Calgary—In the wake of Alberta’s economic downturn, the pace of our population growth is slowing down. This is one of the key findings in ATB Financial’s latest edition of Perch, which takes a timely look at how Alberta’s population has been growing and changing and how it compares to other places in Canada and around the world.
Alberta’s population growth fell from a year-over-year rate of 2.8 per cent in July, 2014, to 1.8 per cent in July, 2015. This was still the highest rate in the country, more than double the rate in the US and six times the rate in the European Union. As of October, 2015, and well into the economic downturn, Alberta’s rate of population growth was still the highest in Canada.
“When our economy slumps, we worry about a return to the bad old days of the 1980s when the highways out of Alberta were jammed with people looking for greener pastures,” said Rob Roach, ATB’s director of insight and author of Perch. “While the net number of people moving to Alberta is down—and may even reach negative territory for a quarter or two in 2016—our total population is likely to continue to grow faster than in many other parts of Canada.”
The new edition of Perch puts the effects of the current downturn into context. “We are used to very high rates of population growth in Alberta, so even though we are still growing, it may feel like we are shrinking,” added Roach. “It’s cold comfort if you have lost your job or are trying to sell your home, but it’s a sign of the underlying resilience of our province that Alberta’s population has not contracted on an annual basis since 1946.”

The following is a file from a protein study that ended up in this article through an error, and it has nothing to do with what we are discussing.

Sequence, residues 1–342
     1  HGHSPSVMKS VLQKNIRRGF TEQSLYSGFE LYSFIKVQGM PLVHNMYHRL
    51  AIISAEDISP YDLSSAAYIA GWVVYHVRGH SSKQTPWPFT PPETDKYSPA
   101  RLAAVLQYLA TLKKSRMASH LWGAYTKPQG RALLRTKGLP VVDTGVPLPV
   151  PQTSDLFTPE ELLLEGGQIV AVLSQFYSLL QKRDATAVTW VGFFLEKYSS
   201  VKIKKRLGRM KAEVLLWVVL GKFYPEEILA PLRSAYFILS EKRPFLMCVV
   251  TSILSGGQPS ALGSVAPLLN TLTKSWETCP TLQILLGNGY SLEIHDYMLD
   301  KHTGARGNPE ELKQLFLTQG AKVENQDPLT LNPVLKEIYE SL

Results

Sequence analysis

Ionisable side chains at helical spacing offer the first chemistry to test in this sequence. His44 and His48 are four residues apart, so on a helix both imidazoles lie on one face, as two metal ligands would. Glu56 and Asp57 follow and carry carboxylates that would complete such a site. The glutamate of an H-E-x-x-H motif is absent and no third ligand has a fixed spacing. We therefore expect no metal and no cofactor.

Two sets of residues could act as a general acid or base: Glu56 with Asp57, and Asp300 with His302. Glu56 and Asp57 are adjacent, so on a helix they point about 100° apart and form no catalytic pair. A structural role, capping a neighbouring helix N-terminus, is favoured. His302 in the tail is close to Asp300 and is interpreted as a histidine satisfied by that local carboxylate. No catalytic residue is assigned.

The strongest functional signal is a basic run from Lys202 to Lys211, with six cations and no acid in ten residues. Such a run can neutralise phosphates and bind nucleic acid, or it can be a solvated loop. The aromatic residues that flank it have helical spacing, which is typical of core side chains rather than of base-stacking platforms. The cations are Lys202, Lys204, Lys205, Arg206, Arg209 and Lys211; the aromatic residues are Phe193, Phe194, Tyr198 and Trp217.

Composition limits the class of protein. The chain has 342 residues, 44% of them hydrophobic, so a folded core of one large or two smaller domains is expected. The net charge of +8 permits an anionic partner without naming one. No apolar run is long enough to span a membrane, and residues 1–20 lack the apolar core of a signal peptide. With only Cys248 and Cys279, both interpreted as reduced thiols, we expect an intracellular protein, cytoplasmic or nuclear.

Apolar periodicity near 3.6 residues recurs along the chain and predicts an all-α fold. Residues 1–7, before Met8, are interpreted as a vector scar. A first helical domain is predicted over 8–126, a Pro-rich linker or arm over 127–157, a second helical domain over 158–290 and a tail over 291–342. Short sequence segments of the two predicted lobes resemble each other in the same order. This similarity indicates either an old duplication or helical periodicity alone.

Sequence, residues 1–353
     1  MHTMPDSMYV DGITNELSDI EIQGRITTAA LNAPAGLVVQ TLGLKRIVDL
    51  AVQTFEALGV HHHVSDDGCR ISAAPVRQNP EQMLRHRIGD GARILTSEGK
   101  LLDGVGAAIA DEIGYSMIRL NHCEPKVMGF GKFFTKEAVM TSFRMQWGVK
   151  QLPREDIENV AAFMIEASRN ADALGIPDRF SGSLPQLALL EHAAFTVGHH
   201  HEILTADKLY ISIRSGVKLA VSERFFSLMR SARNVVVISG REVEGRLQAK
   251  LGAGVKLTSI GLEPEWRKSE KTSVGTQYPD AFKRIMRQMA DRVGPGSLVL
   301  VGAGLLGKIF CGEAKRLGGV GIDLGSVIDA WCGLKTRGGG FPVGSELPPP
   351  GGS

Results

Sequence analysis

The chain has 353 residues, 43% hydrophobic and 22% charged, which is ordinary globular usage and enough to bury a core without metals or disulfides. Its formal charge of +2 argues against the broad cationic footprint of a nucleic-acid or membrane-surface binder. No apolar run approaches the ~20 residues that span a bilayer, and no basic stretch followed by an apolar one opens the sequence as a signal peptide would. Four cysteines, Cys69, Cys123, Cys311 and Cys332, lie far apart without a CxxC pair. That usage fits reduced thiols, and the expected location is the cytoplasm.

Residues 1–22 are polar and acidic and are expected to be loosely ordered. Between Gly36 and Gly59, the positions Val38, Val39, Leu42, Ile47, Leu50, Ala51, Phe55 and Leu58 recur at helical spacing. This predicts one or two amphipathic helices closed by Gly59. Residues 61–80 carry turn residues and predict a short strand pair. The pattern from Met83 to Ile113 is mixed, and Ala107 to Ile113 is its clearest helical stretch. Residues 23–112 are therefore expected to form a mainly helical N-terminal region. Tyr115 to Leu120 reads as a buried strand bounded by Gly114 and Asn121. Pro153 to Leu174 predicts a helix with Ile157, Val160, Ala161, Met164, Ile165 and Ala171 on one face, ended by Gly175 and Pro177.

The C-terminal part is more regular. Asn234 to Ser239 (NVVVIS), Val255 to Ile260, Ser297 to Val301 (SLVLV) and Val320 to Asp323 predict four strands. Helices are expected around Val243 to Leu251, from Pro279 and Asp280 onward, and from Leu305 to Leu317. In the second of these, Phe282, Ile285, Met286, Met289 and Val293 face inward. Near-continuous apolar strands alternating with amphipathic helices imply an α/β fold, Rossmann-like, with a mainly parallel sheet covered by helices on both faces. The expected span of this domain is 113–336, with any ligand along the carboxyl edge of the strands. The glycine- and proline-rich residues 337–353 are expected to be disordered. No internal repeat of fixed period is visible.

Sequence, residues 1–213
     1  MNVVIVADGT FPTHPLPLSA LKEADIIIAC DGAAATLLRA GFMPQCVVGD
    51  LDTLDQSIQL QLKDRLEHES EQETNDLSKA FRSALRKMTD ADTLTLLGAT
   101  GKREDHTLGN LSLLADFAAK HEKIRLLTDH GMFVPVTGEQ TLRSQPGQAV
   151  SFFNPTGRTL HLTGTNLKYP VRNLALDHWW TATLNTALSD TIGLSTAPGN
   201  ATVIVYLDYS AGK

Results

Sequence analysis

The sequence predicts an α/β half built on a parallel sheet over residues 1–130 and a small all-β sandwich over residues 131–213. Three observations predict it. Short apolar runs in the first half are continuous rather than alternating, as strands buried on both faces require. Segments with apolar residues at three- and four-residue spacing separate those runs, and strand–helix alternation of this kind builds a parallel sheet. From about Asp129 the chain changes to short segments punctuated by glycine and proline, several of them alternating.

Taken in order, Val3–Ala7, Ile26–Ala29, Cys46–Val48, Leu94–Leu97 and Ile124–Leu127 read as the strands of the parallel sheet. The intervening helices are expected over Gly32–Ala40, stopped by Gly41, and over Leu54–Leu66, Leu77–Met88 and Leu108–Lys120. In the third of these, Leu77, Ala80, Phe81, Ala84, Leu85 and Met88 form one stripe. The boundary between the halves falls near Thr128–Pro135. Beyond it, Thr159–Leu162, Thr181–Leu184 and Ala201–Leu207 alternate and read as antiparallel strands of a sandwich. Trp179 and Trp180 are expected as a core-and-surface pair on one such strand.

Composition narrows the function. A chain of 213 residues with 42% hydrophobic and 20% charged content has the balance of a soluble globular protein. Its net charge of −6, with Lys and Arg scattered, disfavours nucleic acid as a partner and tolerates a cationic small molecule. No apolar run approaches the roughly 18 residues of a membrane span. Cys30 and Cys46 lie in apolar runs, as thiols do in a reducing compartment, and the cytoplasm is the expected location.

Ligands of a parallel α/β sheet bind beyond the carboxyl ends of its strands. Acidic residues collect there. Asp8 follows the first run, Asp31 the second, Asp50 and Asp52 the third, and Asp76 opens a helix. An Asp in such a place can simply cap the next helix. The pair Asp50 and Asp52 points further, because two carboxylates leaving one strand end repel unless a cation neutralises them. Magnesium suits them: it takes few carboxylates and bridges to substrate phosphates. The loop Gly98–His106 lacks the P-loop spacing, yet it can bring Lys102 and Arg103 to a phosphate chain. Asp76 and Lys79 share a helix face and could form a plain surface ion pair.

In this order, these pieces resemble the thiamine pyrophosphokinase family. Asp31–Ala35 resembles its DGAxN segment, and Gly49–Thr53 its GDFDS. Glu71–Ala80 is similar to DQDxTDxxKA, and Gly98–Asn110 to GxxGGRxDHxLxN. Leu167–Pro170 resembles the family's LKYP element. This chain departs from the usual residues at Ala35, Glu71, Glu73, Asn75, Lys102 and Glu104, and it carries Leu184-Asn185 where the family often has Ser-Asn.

Other key findings in Perch:
- As of last summer, Alberta’s population was just a shade under 4.2 million, making it the fourth largest province with almost 12 per cent of Canada’s population.
- If Alberta was a country, it would be number 128 on the global population list just behind New Zealand and ahead of Liberia.
- Alberta is expected to reach between 5.6 million and 6.8 million by 2038. This translates into annual average growth of between 1.6 and 2.8 per cent—the highest among the provinces under all scenarios considered by Statistics Canada.
- Net international migration accounts for the largest portion (37 per cent) of residents added to Alberta’s population since 2005.
- Almost seven in 10 Albertans live in one of the province’s two large metro areas (Calgary and Edmonton).
- While Alberta is Canada’s youngest province, our population is aging. In 1971, our median age was about 25, today it is 36, and it will continue to rise in the years ahead. At the same time, the proportion of Albertans 65 years of age and older is also increasing.
“The aging of the population is a significant change that requires a lot of planning and action today if we are going to adapt our labour force, businesses, communities and social programs in ways that will both meet the needs of an older population and enhance our prosperity,” noted Roach. “This and the other population trends shaping our province outlined in Perch are an important reminder that we need to stay ahead of our demography if we are to achieve a better tomorrow.”